The Haile Foundation provided startup funding for Welcome Editions, which is Cal’s initiative. [Cal Cullen is founder and director of Wave Pool.] Welcome Editions engages nationally known contemporary artists to create art that the women from Welcome can be paid an hourly rate to make. The items are then sold and marketed to art lovers, galleries, and through our Welcome Shop.


I've heard that if you know someone for any length of time, they end up volunteering. How do you make those connections with people?

Sheryl: [Laughs.] Yes! Angelie, she’s a volunteer – a fairly new one. What made you volunteer, Angelie?

Angelie: I’ve been interested in human rights for a long time. The current context made me even more interested. Then I heard a lot about what Sheryl was doing, and how could I not get involved?

Sheryl: People do say to me all the time, “I wish I had every day to give you because it’s so much fun.”

Angelie: I was intimidated at first, but then you get here, and you realize, this is heaven.

Sheryl: And it is, because it isn’t about me leading anything. I can get busy.

It’s really the ladies and what they do among themselves, the camaraderie, and the support they give one another.

Some of our volunteers are completely alone, whether their families have passed away, they’ve retired and lost their spouses, or their kids are gone, so for them, it’s as much a social thing as it is for the refugees and immigrants.

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I had no idea Cincinnati was home to so many refugees. How does that happen?

Over 20,000 Bhutanese people have arrived in Cincinnati since 2008 – probably closer to 25,000. Looking at how many resettle in Cincinnati holistically through Catholic Charities, the number is about 200 per year. In 10 years, that’s 2,000 people. So how do we end up with this many? Sometimes, refugees are relocated to other cities, but Cincinnati has been such a successful hub for refugees, that they started moving here.

What happens is, they hear from their friends from a camp, “I’ve got a job, I’ve got a house!” and the friend thinks, “I’ve been here in another city for five years and I have nothing. Why do I want to stay here? I want to come to Cincinnati where something is happening.”

These “secondary migrants,” as we call them, have no support. They move here on their own, they just show up, and have no help.

How do you think you became so observant of people, and noticing people in need?

I think it’s a natural curiosity I had, even when I was little. I was always fascinated with people and how they ticked and what made them who they were. My husband always says, “We go to the same party, and you walk out; you know how many kids everyone has, what problems are happening in their families; they share personal details with you that they’ve never shared in their life…” [Laughs.]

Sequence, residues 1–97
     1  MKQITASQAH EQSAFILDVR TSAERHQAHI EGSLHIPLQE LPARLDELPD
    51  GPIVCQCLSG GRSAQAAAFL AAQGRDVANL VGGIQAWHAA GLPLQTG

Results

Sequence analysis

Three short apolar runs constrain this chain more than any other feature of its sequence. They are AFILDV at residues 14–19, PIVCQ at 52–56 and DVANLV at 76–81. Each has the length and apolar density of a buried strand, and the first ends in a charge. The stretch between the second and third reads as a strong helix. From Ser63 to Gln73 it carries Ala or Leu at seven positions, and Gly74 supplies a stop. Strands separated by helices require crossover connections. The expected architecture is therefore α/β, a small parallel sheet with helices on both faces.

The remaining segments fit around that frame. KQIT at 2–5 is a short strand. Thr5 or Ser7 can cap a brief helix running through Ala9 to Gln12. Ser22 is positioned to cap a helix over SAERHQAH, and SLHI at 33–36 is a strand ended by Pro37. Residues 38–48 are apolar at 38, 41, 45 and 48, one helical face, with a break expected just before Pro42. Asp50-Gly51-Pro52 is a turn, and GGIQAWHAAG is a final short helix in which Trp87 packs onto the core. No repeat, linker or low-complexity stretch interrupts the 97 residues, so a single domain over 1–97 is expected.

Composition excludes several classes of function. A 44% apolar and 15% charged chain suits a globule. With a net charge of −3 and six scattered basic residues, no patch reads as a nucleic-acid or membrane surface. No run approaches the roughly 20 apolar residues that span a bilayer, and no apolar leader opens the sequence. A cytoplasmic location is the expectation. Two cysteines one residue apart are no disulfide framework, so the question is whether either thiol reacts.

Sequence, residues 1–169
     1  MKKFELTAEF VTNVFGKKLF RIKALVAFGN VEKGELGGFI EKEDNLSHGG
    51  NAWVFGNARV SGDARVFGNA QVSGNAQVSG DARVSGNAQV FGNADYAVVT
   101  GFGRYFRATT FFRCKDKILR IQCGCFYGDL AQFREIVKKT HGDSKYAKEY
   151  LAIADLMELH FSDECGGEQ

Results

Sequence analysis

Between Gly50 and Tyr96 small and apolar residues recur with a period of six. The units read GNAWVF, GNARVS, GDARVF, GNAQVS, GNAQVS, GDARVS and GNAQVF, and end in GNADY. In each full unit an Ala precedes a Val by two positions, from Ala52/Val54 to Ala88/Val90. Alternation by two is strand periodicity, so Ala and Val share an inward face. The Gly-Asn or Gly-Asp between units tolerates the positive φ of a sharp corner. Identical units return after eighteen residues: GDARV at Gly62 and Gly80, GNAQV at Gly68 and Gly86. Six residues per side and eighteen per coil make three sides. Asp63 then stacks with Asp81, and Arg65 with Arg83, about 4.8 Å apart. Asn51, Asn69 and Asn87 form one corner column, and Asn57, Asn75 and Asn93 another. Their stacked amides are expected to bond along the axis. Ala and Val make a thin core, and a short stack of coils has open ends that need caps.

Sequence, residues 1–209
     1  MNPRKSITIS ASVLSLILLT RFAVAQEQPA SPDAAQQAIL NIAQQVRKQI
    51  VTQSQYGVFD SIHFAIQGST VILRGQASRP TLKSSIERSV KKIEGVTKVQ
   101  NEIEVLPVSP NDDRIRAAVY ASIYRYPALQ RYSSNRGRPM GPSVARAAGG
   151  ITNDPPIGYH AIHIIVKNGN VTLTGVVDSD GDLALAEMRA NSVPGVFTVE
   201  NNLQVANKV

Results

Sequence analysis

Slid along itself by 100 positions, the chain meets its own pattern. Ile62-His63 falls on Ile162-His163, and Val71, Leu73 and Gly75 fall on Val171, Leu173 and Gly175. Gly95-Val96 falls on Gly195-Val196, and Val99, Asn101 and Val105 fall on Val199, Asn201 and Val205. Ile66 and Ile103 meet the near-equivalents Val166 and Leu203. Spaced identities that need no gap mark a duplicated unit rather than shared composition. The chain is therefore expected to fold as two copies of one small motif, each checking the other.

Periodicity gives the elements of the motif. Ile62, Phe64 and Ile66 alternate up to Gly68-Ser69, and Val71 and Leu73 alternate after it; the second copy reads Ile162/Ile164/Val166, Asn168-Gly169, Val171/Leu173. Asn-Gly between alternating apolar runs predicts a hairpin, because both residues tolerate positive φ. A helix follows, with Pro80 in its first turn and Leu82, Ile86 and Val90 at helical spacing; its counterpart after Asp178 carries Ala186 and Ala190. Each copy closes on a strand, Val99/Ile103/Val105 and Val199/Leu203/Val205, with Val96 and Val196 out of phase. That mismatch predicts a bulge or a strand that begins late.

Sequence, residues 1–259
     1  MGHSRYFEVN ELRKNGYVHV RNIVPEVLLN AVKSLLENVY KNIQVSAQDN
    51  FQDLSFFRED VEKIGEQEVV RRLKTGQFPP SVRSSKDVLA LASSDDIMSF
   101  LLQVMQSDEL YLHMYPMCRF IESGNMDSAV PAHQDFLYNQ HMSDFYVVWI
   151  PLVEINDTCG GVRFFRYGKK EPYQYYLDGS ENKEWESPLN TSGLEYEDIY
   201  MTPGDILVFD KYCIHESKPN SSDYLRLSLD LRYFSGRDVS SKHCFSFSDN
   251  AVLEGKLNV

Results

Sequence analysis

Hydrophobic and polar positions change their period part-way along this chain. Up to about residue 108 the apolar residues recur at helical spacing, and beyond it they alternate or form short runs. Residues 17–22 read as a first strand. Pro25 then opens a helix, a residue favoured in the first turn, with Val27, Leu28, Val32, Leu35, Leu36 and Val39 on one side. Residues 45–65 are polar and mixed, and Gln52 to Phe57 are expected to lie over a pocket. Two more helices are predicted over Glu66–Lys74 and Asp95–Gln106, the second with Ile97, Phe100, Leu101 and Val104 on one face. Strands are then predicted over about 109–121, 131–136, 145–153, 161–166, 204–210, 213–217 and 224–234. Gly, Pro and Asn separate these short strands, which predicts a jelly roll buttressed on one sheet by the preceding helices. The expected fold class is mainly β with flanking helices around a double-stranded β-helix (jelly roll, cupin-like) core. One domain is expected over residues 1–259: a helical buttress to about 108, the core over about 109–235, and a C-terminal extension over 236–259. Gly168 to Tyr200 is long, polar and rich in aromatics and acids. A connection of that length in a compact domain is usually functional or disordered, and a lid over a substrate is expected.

Are you a questioner? Or do you think people just feel like they can open up to you?

They just open up naturally. When I traveled, it was the same way. I would be in the airport or on planes, people would meet me, and my coworkers would say, “We don’t have these experiences with the crazies like you do!”

I would call my husband and say, “I got stuck in this city because I met an elderly woman who couldn’t find her next gate and I couldn’t leave her. So I took her.” My husband said, “How did she find you?!”

How do people find you, or how do you find them?

For the refugees and immigrants, it comes by word of mouth. It also comes from all of my partners. I’m constantly interacting with schools, clinics, places refugees might be for services. Sometimes the refugee or immigrant themselves; one from Syria has sent probably 40 people to me. People who need help or have a question. They connect with me, and as we go through that particular problem, which might be, “Can you read this document to me?” or “What does this mean?” and then they’ll say, “What else do you do?” I explain, and they say, “Oh, can we come?”

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Do you ever get overwhelmed?

All the time! Not overwhelmed with the people; it’s more the bureaucratic stuff, the political side, dealing with the partners who don’t share information. The frustration of meeting somebody when they’re completely… like a physician said to me recently, “The only person to call in extreme cases is you. No one else cares. I call [people other than you] and they go, so what? Not our problem.” So the hard cases come in and… it’s frustrating.

And we don’t have a staff. No one in our organization is paid, including myself. There are plenty of organizations that do have a lot of money, with social workers, with trained mental health folks, and then I think, “Wow, here I am, a computer science major with an MBA, doing social work.” Sometimes I question if that’s always a good thing. Angelie is a professor of psychology. I told her, “I’m so happy to have you as a volunteer because I feel like sometimes I need a professional opinion.” We have friends who are physicians that I’ll call, and say, “Can you attend this program?” I can get concerned that I’m not making the right decision.

Who is an influential woman in your life?

Of course, your mom is always influential, right? And she’s sitting right here with us. She raised me, so of course she had a lot of influence. She has been an advocate of this work I do, and has embraced it from the beginning.

She’s never been a naysayer. When I told her I was leaving my job, she didn’t say, “Are you insane?”